In memoriam: College Delly’s legacy

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February 11, 2011

12:34 AM

It has been almost two weeks since the College Delly closed its doors and destroyed the delicate balance that usually existed within Williamsburg nightlife. In my four years here, I have come to appreciate that each deli has a unique role to play in this balance of the College of William and Mary’s social atmosphere.

The Green Leafe, for instance, seems to be the most popular among students — although how much this has to do with it being marginally closer to campus, I don’t know. Its moderately upscale decor and extensive drink selection make it attractive to students who have — or think they have — some class and refined tastes. This is the place for snobs who only drink good beer and think that good beer excludes Bud Light. The food at the Leafe is similar to the beer selection: fancy and a bit pricey. The crowd there is largely composed of students, professors and the occasional well-off townie couple. The whole experience creates an atmosphere of classy sophistication, which devolves precipitously as the night progresses.

Paul’s Deli, my personal favorite, is just your standard deli. It doesn’t do anything special, but what it does it does excellently. Case in point: the lobster bisque. Food and drinks are relatively inexpensive with a standard bar menu and deli fare, but they are cooked perfectly, just the way you expect them. The drink menu, though less extensive than the Leafe’s is substantially cheaper, and the weekly specials are the best bargains around campus. The atmosphere at Paul’s is more “neighborhood bar” than the Leafe and, in my opinion at least, it has a more comfortable, familiar feel.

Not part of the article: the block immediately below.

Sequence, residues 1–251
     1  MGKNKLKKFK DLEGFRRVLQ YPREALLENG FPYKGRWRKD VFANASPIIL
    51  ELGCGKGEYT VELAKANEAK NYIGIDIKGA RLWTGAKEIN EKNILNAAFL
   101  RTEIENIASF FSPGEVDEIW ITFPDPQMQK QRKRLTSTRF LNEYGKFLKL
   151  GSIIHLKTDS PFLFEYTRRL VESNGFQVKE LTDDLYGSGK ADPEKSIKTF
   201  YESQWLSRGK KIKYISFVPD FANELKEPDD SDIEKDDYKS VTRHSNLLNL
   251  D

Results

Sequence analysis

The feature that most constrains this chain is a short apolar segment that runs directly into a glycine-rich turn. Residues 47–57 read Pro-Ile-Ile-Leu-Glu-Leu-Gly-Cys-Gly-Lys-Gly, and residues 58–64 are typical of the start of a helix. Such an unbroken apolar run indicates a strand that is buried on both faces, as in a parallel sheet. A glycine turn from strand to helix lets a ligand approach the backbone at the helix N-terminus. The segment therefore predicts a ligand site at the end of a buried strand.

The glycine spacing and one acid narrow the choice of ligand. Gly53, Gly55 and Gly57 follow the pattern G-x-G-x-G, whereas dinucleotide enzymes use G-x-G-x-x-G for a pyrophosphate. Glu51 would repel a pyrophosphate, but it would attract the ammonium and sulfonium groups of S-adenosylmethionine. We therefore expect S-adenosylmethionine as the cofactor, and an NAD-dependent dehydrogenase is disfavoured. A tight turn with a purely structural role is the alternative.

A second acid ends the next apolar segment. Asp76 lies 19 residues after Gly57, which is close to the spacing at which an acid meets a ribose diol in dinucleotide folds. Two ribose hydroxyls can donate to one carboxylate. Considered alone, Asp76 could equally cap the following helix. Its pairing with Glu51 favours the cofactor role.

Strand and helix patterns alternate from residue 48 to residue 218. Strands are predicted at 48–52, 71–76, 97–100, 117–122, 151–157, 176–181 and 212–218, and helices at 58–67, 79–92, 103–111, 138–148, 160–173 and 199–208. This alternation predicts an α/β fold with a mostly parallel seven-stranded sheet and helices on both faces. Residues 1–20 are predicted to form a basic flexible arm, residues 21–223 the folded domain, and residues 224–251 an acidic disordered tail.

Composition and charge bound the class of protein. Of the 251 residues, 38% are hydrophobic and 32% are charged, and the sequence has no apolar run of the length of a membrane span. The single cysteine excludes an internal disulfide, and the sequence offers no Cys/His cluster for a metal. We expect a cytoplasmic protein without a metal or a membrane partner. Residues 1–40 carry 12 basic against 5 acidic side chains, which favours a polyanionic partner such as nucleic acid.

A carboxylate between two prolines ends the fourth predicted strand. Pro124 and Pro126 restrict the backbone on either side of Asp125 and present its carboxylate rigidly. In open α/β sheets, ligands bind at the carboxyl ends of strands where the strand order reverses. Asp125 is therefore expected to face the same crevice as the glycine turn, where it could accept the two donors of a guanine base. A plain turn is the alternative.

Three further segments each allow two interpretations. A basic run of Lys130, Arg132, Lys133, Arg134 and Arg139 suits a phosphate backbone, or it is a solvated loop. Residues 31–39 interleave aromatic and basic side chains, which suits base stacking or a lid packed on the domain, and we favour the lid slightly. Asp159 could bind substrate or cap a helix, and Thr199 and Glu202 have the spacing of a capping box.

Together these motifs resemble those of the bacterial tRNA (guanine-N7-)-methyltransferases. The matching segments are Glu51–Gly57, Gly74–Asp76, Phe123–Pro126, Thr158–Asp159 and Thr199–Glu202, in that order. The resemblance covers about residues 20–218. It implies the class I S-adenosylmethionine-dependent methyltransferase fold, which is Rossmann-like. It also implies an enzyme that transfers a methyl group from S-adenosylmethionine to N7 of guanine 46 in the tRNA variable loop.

The College Delly also had its own niche. By day, College was a place to grab a quick sandwich — not that I or anyone I know has ever gone there to eat. By night, it became remarkably like one of the units, except you had to pay for beer. It had the outside patio — trellised a few years back to prevent jumpers — and unsightly, but indestructible, furniture. The doorman, who often doubled as a DJ was much better at his latter responsibility. Unlike the other delis, patrons did not trickle in in small groups. Instead, waves of revelers would wash into College all at once, filling the empty deli to capacity within moments.

The allure of College was not only its cheap beer, but also the atmosphere, which was unlike that of a restaurant or even a pub. At the right time, College was simply a party. You did not have to bother with little things like finding a table or cups for your pitcher. You simply walked around from table to table and found people to talk to. Eventually, the inside would be standing room only, and if the right song came on, an impromptu dance party broke out in front of the counter, where there was clearly no room for sitting. There was something great about the trashiness of the place. It offered something the other delis did not.

If the rumors I have been hearing are correct, then the new College Delly will, upon reopening, be a radically different place. It seems the owner of Paul’s has taken it over and plans to turn it into a tasteful establishment. This would destroy the legacy of College and leave students’ demand for a lax, shabby, cheap bar unfulfilled. Goodbye College.

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